What is the Perennial Income Model?

We literally wrote the book on retirement income maximization and are constantly looking for new and better ways to maximize retirement income for our clients.

The Perennial Income Model is a common sense, goal oriented approach to investment management that is designed to help retirees manage short term income needs as well give them an opportunity to keep up with inflation throughout retirement.

Our Perennial Income Model matches the retiree’s investments with their future income needs.

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“Bull markets are born on pessimism, grow on skepticism, mature on optimism, and die on euphoria.” – John Templeton
“Far more money has been lost by investors preparing for correction, or trying to anticipate corrections, than has been lost in corrections themselves.” – Peter Lynch
“Investors should purchase stocks like they purchase groceries – not like they purchase perfume.” – Ben Graham
“I don’t believe in taking foolish chances, but nothing can be accomplished without taking any chance at all.” – Charles Lindbergh

The Reduction of Social Security Benefits

After years of partisan bickering and political conflict in Washington, Congress and the President have finally found something they could actually agree on…reducing Social Security benefits for future retirees…Thanks a lot. I’m already missing the good old days of government gridlock. As part of the budget deal to raise the U.S. debt limit, a change that will affect the financial future for millions of Americans, the government took away a key strategy that many couples have used for years to maximize their Social Security—the file and suspend strategy. The result is that many couples will miss out on tens of thousands of dollars in Social Security benefits. Without getting too deep into the trenches, I will attempt to explain how this works. The file and suspend strategy allows a person who is eligible for social security to have their spouse receive the spousal benefit and at the same time allow his/her benefit to continue to accrue delayed credits (8% per year). The rules state that for a spouse to receive a spousal benefit, the working spouse must first file for his or her own benefit. But Social Security also allows for the working spouse to suspend their benefit after they file. A suspension of benefits can only be done after the social security eligible spouse reaches full retirement age; age 66 in most cases. Thus the working spouse would file for benefits to enable the spouse to be eligible for benefits then they would immediately suspend their own benefit in order to continue to accrue delayed credits. So for example if Jill wants to start her spousal benefit before Jack... read more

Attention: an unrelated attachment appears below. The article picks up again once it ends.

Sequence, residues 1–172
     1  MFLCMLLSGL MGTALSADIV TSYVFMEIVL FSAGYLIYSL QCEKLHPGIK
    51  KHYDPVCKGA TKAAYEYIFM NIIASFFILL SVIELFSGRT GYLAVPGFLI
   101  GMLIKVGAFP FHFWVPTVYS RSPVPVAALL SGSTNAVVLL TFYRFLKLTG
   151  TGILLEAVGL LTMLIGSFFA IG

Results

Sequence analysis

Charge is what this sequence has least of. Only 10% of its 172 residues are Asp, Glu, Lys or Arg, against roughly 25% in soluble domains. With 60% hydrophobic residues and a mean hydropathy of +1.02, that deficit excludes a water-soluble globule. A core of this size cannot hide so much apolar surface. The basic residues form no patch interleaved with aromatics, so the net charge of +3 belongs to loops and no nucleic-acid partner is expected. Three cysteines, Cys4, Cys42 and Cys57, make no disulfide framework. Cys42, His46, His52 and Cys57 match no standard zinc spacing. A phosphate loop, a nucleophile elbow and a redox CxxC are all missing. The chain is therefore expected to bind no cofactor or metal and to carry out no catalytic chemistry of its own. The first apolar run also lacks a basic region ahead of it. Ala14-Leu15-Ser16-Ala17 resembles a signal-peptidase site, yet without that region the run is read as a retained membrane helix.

Rearranging the Deck Chairs on the Titanic

The absolute, hands down, single most important determining factor in the success or failure of any investment plan is behavior of the investor himself.  No other determinate—or for that matter all other determinates combined—will impact a portfolio as much as investor behavior.

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